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A Man of Many Faces

Impressionist Frank Caliendo brings his frenetic style of comedy back to the Orlando Improv this month.

When he’s actually being himself—and not a celebrity like John Madden,  Al Pacino or President George W. Bush—Frank Caliendo has a calm and laid-back persona, and it is easy to see that his reputation as one of the friendliest people in comedy is well earned.

But even a brief phone conversation with the master impressionist can zig-zag in many different directions, all of them hilarious. At a moment’s notice, Caliendo can start riffing in any number of familiar voices, from Charles Barkley to Morgan Freeman.

Caliendo’s love of characters started at a young age and spurred him to a career in show business that has included a five-year run on MADtv and his own show on TBS, Frank TV. He is also well known to sports fans for appearing on the Fox NFL pregame show for 11 seasons before moving to ESPN in 2015.

But Caliendo’s favorite creative outlet remains the stage and a bustling standup career that blends sports and pop culture. His latest tour returns to the Orlando Improv on July 17.

In between rapid-fire impressions, Orlando Family Magazine spoke to Caliendo about why he refuses to take sides in politics and his memorable meeting with President Donald Trump.

You’re a Midwest guy who now lives in Arizona, but you tour extensively on the East Coast. Do you feel like your comedy resonates here?
I think some of it is the sports culture, because that’s how so many people do know  about me. On the East Coast, people really do live and die by their sports teams. But also, the Midwest isn’t that far off from the East Coast style of humor. The East Coast is just a harsher version of the Midwest. When I first started doing comedy in the Midwest I learned to do it one way, and I found when I got to the East Coast you just do it slightly meaner, louder and faster. Whereas in California if you get too loud and fast they say, ‘Settle down.’ You can really feel that difference, and I just took to it. I’m also very sarcastic and there’s a lot of sarcasm on the East Coast.

Have you heard any feedback from the president about your impression of him?
I did a sketch with Trump years ago and he liked it. He was totally different off camera than he was on. He was like a used car salesman from the ’70s on TV, and off camera he was self-deprecating. That was the weirdest thing to me. It was like he was putting on a mask and becoming a character.

How did impressions start for you? Did you realize you had this talent at a young age?
It was from watching Saturday Night Live and In Living Color and watching those guys do characters more so than impressions. You know, Damon Wayans doing the bum, ‘My name is Anton.’ Or Jim Carrey saying, ‘Let me show you something.’ I always thought those kinds of characters were cool. I loved impressions, but usually people would just repeat lines from movies. I tried to find ways to make them characters, a lot more like Dana Carvey. Carvey is one of those guys who I think is super incredible. He doesn’t just do an impression, he turns it into a character who has its own point of view and is fun to watch.

So many people think they can do impressions even if they can’t. Do you get a lot of people coming up to you on the street and trying out their impressions?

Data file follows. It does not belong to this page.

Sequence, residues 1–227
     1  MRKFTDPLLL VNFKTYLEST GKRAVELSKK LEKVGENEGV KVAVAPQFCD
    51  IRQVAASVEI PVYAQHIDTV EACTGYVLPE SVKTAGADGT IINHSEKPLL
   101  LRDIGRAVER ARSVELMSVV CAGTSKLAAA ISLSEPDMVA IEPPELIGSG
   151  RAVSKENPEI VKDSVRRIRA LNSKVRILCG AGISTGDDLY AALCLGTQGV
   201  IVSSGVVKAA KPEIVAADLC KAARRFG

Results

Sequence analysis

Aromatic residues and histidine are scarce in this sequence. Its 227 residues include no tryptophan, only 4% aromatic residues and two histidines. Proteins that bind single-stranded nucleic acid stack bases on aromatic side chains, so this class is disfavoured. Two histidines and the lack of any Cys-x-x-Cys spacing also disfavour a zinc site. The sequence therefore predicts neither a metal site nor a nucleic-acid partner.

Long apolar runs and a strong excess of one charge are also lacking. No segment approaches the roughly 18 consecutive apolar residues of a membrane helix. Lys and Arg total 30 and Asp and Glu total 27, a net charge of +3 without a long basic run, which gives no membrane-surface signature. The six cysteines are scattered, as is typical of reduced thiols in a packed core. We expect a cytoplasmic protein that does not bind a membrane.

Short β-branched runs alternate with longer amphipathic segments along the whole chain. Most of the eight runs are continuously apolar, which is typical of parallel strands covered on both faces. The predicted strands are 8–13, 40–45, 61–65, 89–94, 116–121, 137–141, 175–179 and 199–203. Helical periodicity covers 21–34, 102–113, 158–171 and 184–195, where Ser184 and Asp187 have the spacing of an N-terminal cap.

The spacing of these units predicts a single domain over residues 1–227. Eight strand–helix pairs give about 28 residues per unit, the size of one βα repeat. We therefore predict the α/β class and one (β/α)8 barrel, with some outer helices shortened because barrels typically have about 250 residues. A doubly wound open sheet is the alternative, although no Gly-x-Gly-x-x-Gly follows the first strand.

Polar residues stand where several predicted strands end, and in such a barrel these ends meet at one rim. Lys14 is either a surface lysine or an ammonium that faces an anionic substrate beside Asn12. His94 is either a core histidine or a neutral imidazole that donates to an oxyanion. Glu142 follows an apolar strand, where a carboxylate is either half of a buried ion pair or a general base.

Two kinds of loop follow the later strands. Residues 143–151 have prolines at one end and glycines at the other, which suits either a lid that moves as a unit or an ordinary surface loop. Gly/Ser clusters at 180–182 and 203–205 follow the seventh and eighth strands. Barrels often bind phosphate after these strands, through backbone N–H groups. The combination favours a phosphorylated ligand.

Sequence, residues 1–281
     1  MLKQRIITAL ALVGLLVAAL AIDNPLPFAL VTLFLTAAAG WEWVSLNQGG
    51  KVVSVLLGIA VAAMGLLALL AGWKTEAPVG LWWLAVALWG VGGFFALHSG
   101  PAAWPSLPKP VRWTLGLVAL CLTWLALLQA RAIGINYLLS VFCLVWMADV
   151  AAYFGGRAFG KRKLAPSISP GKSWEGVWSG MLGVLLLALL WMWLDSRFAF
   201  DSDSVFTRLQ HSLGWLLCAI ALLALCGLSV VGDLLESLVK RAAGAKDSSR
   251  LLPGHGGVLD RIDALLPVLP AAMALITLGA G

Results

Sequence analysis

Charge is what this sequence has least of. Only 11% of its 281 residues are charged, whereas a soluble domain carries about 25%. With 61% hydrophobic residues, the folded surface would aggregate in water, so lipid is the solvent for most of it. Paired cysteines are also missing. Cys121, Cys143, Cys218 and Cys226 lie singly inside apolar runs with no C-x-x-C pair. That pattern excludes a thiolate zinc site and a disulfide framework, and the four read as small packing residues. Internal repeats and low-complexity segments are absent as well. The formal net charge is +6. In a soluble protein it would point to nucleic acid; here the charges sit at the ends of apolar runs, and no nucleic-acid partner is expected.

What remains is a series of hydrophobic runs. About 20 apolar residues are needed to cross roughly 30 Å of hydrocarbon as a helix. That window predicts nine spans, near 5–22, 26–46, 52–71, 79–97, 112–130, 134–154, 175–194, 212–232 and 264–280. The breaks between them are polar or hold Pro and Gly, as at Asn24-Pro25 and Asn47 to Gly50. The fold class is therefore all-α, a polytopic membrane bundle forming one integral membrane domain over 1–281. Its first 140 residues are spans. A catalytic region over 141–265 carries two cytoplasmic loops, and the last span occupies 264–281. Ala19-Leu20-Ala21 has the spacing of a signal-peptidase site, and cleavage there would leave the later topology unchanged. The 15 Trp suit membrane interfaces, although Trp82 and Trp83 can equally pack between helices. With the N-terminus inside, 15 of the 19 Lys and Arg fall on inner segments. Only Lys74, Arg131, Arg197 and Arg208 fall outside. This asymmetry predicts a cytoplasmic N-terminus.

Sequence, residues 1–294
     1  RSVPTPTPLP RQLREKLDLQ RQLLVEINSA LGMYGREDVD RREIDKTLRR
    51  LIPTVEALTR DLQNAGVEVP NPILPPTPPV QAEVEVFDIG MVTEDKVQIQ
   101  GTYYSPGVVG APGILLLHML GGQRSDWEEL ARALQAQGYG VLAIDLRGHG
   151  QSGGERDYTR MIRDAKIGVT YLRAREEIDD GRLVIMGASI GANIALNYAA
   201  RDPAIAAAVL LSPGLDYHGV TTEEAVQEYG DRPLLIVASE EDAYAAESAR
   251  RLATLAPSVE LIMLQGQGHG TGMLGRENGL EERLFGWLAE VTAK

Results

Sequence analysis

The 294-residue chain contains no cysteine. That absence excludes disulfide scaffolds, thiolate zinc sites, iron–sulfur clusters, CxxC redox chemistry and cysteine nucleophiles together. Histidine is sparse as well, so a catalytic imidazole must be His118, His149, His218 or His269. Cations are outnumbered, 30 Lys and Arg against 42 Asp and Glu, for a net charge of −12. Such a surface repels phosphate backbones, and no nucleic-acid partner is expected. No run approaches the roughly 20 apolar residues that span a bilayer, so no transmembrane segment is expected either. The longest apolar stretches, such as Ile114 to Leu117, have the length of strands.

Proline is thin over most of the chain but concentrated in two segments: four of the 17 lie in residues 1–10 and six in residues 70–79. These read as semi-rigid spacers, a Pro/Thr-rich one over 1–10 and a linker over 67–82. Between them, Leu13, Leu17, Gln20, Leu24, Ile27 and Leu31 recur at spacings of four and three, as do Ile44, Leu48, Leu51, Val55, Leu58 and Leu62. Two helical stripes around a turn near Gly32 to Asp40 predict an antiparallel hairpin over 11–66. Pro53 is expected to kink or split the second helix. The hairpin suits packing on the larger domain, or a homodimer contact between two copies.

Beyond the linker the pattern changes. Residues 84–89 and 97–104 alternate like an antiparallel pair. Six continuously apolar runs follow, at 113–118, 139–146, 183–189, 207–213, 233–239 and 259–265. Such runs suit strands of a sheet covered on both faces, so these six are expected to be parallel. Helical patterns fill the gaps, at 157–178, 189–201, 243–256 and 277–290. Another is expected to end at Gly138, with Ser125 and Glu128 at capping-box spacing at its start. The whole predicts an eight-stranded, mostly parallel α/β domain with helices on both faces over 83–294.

Yeah, people will say, ‘I really love the way you do Yoda,’ and I’m thinking, ‘Anybody can do Yoda.’ But that’s the way they break the ice for them to do their voices for me.

It seems like you’re enjoying yourself more with certain impressions, like John Madden or Al Pacino or Oakland Raiders head coach Jon Gruden. Do you have favorites?
Yeah, some are just more fun. It’s funny because I know Gruden so well now. He’ll text me at 5 in the morning, which I think is lunchtime for him. He’ll say [in Jon Gruden’s voice], ‘I just did a commercial man, I had a blast. It was like being you man.’ And I’ll say, ‘Go to sleep, it’s 5 a.m.’ When you meet the people, it makes it more fun. When they haven’t seen the impression live, it’s kind of like a magic trick and they’re kind of amazed by it.

You had the long run on Fox Sports and ESPN. Did that just originate from your love for sports?
Yeah, that’s what I grew up with. I didn’t grow up around theater or anything  like that. My dad was a minor-league baseball player before I was born, and we just grew up playing football, basketball and baseball as kids in the driveway and backyard. I’ve had a lot of fun with that. It was what I knew, so it was the route I took. Nobody was doing sports comedy at the time, only Jimmy Kimmel on Fox. Now it’s everywhere and there are even comedy Twitter feeds. It’s become its own business.

You once appeared on the former Disney show Liv and Maddie. Was that with your children in mind?
Yeah, I did that because it was my daughter’s favorite show. She actually directed one scene in the episode and got to say ‘Action’. She was there and she has all the scripts to prove it.

You appeal to a wide range of people, and I’m sure you’ll see all ages in the audience during your show. Do you take pride in that?
Sure. I’m not for one specific group. Sometimes that hurts me, but I can only do what I think is funny. I’ve been in too many TV situations where they want you to do what they think is funny. But if I don’t find it funny and interesting, I don’t really want to do it.

Are you proof that nice guys can succeed in comedy?
You just think that because you don’t know me very well.

This article originally appeared in Orlando Family Magazine’s July 2019 issue.

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